The findings of this nationwide inquiry resulted in a number of significant reforms. A two-year orientation phase in grades five and six was introduced to give schoolchildren more time to consider future educational choices. The number of academic subjects required for the Abitur was reduced in 1960; in 1972, students were given the option of concentrating in a few specialized subjects. However, complaints from universities that this step weakened the general preparation of incoming students forced a partial rollback of Abitur reforms. The percentage of young people continuing their education into the Realschule, Gymnasium, or university doubled. However, these increases created a larger supply of better educated workers than the job market could fully absorb.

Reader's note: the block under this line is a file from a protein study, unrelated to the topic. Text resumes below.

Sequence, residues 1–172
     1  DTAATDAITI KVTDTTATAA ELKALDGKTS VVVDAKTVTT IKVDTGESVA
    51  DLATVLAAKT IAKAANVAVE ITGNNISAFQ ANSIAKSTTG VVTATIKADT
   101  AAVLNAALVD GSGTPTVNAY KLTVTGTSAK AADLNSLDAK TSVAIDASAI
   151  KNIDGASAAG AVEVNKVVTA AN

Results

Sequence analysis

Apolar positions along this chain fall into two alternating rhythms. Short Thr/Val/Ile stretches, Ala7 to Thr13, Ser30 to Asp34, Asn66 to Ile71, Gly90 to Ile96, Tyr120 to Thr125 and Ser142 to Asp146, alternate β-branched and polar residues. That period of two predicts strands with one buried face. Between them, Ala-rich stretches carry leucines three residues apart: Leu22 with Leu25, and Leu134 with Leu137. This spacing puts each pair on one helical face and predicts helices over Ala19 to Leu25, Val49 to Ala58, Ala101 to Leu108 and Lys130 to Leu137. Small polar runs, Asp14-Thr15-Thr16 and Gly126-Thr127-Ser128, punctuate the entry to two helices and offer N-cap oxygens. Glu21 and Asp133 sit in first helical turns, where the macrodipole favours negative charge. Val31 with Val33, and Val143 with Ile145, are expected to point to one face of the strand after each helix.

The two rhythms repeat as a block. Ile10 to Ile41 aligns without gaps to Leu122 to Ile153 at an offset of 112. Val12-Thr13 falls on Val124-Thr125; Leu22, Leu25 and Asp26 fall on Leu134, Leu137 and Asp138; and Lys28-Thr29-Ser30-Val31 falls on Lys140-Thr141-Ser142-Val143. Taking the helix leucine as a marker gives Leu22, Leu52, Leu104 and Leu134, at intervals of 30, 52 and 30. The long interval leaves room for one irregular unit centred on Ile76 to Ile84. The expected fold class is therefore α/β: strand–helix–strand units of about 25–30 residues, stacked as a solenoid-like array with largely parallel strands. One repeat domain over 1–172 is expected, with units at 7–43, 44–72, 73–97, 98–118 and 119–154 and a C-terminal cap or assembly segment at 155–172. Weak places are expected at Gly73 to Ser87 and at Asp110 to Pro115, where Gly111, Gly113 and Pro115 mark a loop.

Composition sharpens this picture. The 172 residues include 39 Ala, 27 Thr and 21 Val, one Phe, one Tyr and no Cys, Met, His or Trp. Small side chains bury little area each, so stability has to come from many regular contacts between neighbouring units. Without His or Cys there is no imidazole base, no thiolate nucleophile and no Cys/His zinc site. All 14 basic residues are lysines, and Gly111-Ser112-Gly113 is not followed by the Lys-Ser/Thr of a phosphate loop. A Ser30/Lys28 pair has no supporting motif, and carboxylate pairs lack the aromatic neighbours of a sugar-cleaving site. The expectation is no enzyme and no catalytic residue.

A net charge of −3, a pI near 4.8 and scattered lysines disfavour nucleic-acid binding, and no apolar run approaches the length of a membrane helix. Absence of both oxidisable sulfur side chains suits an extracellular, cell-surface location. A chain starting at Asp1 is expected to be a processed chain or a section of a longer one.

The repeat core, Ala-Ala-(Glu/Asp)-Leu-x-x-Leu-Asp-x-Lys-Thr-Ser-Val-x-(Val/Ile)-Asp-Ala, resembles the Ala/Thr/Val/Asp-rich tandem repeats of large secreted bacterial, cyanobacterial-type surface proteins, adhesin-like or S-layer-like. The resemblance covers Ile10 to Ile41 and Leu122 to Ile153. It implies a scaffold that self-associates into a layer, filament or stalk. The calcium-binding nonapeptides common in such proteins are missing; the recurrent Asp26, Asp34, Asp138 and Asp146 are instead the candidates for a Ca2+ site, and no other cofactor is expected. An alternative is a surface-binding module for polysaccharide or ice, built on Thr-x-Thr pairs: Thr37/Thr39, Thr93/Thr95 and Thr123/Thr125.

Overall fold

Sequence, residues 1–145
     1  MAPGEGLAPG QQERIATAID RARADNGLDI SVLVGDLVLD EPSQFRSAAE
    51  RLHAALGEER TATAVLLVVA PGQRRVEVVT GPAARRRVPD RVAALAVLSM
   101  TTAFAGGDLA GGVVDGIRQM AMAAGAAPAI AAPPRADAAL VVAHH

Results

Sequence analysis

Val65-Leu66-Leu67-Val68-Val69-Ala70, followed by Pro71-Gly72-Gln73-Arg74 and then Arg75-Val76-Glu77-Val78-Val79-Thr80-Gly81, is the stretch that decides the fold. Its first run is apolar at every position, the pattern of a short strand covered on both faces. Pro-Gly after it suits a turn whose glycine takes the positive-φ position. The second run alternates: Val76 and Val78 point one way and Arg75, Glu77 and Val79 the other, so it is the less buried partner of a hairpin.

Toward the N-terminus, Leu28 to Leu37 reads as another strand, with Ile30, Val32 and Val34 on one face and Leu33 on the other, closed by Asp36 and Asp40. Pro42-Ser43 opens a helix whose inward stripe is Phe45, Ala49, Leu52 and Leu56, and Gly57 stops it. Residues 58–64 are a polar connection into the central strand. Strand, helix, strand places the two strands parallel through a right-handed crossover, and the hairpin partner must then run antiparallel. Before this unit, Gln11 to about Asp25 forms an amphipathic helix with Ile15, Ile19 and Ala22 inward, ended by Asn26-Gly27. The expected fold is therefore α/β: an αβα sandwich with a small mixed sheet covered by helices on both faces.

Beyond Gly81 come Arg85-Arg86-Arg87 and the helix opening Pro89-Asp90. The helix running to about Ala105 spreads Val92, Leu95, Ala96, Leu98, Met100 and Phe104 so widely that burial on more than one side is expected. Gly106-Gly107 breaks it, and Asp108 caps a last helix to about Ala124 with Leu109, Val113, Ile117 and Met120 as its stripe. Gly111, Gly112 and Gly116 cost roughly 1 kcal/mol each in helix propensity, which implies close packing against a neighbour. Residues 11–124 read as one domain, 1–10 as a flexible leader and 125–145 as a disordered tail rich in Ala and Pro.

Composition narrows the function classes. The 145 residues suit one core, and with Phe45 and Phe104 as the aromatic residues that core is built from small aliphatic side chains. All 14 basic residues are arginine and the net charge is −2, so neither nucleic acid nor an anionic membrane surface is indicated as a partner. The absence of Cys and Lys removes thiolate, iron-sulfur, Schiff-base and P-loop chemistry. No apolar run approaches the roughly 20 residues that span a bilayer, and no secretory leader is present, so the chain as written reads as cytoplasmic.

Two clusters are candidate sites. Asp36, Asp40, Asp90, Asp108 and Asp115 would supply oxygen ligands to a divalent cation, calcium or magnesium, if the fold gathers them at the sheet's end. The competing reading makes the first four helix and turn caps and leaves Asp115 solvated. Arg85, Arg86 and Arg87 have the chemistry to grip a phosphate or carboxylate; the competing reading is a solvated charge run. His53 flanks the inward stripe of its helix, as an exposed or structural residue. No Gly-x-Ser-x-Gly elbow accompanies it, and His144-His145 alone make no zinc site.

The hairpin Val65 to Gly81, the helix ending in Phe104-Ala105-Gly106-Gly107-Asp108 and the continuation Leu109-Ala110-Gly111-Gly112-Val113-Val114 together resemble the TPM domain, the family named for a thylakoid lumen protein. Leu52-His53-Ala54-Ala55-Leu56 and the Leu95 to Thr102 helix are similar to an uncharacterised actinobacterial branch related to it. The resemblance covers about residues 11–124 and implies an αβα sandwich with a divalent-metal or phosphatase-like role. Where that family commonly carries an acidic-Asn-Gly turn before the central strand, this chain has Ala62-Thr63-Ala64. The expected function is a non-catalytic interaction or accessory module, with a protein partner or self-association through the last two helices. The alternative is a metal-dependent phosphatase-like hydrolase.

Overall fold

Further reforms had a more direct effect on the teaching profession. The role of pedagogy in teacher preparation was expanded, and the hours devoted to the study of teaching methods increased to about one-fourth of the total. From the mid-1970s through most of the 1980s, the country experienced an oversupply of teachers, and fewer new teachers were hired. A Federal Ministry of Education and Science, established in 1969, was combined in 1994 with the Ministry of Science and Technology. However, attempts to increase federal authority over planning and coordination disintegrated in the early 1970s, in part due to disagreements between the political parties. In general, the Social Democrats favored greater national oversight, while the more conservative Christian Democrats advocated state autonomy.